Too Steep A Path


Burt Likko

Pseudonymous Portlander. Homebrewer. Atheist. Recovering Republican. Recovering Catholic. Recovering divorcé. Editor-in-Chief Emeritus of Ordinary Times. Relapsed Lawyer, admitted to practice law (under his real name) in California and Oregon. On Twitter, to his frequent regret, at @burtlikko. House Likko's Words: Scite Verum. Colite Iusticia. Vivere Con Gaudium.

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13 Responses

  1. Avatar Patrick Cahalan says:

    It’s kind of hard to ask people to pay a penalty when they already feel like they’ve been putting monthly payments down on a different penalty.

    Incentive-wise, that usually doesn’t work. At all.Report

  2. Avatar Dan Miller says:

    I agree that this is unlikely to be the most effective, or even the 5th-most-effective, plan. But I see little hope of getting anything better, and I think this is better than the status quo, so I’m willing to take it and have another bite at the apple later.Report

  3. Avatar Jaybird says:

    Schumer was on NPR this morning and he pointed out why this was finally going to be fixed:

    It’s more politically dangerous to oppose it than to support it.Report

    • Avatar Patrick Cahalan in reply to Jaybird says:

      That doesn’t mean it’s going to be fixed.

      That just means that you need to be presenting the appearance of trying to fix it.Report

      • Heh. Touche’.

        I don’t know that more laws will fix immigration problems anywhere near as much as getting rid of laws would do so (Ellis Island, baby!) but I do think that reconciliation to “amnesty” will do a lot better result-wise for not only Mexican immigrants but immigrants from all of the other countries in the world (who we *ALSO* want coming here in droves).Report

        • Avatar Damon in reply to Jaybird says:

          Everything is Political.

          Politicians have seen the Hispanics as a voting block force now. It’s time to use them for their own ends.

          Will it end up doing anything? Probably not, the status quo still works for both sides of the isle. Too bad too, because REAL immigration reform would be good. You never see a dialogue about what types of folks america wants to receive. I’d say the folks we want to come to america are well educated folks, rich folks, folks with means and drive to start new companies, to do research, etc., regarless of race.Report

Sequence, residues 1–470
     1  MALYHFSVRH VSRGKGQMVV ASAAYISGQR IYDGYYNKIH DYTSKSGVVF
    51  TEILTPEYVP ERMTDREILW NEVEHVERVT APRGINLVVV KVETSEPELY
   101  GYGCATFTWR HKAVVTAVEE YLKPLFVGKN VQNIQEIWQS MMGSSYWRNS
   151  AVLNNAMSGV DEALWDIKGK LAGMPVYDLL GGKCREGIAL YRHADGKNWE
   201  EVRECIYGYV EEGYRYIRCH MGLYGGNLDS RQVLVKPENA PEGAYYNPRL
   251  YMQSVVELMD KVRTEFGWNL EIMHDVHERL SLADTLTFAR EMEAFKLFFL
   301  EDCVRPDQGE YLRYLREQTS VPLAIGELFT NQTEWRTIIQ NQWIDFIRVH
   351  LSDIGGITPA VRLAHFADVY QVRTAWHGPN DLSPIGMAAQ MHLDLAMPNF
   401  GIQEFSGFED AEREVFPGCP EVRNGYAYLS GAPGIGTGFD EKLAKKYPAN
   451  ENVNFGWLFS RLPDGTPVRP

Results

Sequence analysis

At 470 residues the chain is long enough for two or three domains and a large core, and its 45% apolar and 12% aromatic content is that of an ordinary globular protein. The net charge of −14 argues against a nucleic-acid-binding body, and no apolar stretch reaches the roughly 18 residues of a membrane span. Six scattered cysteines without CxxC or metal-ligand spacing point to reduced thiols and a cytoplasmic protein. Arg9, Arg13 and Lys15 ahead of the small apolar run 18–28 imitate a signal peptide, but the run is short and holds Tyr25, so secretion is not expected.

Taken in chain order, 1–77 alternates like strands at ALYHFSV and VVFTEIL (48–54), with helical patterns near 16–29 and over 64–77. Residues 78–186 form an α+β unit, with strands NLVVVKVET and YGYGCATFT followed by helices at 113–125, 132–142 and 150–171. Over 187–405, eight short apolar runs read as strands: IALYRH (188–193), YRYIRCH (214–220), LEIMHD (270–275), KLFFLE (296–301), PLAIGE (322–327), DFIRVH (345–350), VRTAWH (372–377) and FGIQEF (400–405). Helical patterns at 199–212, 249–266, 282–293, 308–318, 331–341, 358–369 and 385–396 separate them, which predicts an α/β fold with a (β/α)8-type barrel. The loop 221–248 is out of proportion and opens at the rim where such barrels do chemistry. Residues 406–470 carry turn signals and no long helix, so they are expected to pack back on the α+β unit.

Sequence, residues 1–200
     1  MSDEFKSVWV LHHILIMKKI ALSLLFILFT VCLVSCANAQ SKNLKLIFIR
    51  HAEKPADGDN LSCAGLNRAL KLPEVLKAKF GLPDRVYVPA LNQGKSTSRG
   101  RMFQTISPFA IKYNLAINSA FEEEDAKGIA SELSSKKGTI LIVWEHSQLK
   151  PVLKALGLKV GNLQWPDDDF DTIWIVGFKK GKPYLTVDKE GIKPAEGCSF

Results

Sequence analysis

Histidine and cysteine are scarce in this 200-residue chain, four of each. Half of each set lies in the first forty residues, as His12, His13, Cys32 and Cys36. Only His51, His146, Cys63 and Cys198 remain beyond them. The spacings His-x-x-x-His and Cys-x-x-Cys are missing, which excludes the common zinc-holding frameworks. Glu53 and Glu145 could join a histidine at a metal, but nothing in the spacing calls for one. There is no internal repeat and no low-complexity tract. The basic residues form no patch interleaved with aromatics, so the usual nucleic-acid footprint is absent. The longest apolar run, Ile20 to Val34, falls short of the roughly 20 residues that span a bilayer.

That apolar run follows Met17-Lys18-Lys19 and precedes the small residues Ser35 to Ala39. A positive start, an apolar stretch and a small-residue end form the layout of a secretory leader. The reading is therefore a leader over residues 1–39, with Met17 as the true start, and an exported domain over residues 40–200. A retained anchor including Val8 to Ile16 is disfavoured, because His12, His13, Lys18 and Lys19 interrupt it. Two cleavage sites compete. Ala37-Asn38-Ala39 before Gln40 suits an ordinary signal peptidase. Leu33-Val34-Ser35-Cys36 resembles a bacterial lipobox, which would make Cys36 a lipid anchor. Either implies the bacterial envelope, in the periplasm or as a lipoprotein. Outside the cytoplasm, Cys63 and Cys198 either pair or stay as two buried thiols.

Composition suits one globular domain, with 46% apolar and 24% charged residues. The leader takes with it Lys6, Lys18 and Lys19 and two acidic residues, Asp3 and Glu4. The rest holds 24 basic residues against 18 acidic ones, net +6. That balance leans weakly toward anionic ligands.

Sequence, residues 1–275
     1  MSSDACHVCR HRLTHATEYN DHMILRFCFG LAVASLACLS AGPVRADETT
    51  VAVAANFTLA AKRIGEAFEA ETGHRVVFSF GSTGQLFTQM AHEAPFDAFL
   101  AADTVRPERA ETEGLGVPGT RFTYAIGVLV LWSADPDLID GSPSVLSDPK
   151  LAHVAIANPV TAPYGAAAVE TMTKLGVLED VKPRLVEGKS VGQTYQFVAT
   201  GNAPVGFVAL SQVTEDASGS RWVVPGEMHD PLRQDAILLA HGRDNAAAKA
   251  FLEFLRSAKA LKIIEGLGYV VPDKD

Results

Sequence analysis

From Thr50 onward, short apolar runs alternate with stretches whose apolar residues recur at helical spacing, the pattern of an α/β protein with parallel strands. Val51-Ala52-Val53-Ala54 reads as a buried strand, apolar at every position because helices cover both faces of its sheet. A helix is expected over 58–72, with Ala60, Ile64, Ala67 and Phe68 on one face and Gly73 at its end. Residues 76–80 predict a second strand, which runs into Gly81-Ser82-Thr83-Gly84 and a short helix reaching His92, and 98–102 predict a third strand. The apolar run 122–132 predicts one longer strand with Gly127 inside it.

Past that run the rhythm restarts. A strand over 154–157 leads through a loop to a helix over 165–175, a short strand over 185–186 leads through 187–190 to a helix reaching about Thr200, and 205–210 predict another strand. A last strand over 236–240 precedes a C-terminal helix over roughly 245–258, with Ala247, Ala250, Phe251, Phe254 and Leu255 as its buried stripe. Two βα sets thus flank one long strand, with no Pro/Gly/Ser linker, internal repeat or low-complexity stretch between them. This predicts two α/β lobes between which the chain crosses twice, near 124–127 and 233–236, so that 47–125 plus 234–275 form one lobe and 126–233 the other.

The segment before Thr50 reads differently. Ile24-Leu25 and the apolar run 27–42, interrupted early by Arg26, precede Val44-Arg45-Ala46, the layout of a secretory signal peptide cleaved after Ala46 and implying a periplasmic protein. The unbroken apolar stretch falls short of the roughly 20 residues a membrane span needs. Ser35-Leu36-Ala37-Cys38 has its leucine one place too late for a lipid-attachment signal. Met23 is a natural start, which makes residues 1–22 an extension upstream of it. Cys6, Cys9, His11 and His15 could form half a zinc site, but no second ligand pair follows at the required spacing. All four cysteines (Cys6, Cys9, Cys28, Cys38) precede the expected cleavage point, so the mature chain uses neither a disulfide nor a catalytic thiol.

• Avatar Burt Likko in reply to Damon says:

            I agree that we need people like that. Even if we don’t need them, we want them.

            We also need manual labor. Someone has to pick heads of lettuce. Someone has to clean up the office at night. There is demand for that kind of labor and employers have difficulty filling it.Report

            • Avatar M.A. in reply to Burt Likko says:

              There is demand for that kind of labor and employers have difficulty filling it when they are offering crap wages and abusive treatment.

              Fixed that for you.

              Offer people better wages, and those jobs would get filled. Make sure those jobs had reasonable treatment (the number of people I’ve seen sneer and look down on fast food workers, janitorial staff, and other professions considered “menial”) and that the people were treated with respect, and more people would be likely to do it.

              The happiest janitorial staff I’ve ever met were at a hotel chain where I knew the night manager. It was also, uncoincidentally, one of the best maintained hotels with least amount of customer complaints about dirty rooms or other janitorial-type issues. The secret? The night manager knew his staff and treated them very well and more to the point, with dignity.

              The rudeness of society, the way the CEO level treats everyone lower than management level like dirt throughout the USA, that contributes to a whole host of problems.Report

              • Avatar Burt Likko in reply to M.A. says:

                Low pay, no benefits, crappy working conditions? Fair points indeed!

                I suppose the proper attitude about whether better compensation would attract more workers from within the country is… we’ve never really tried it, at least not for a generation, so we don’t know if it would work or not, either in terms of attracting people to do the job or what effect it would have on the price to consumers.Report

              • Avatar Mike Schilling in reply to Burt Likko says:

                Low pay, no benefits, crappy working conditions?

                The bad news is that this is what illegals face. The good news is that more and more that doesn’t make them unique.Report

  4. Avatar Jim Heffman says:

    A quick path to legal citizenship is the best way to stop illegal immigration. Because we hear a lot about “jobs Americans won’t do”, but you dig down and learn that the job Americans won’t do is spend ten hours in the sun, bending at the waist and twisting your wrists, with no water, no break, no hat, and no bathroom, getting paid ten bucks for each basket you fill with what the supervisor thinks is “good quality” produce.

    It’s not like there are millions of jobs in ag work. The “jobs” currently being done are not supposed to exist. If there weren’t illegal immigrants to do them, they’d be done by machines–and that’s exactly what will happen.Report

  5. Avatar M.A. says:

    I simply find it delicious that the same bizarre people who are constantly trying to force creationism into schools are today talking about how their party position is (or needs to) “evolve” regarding immigration.Report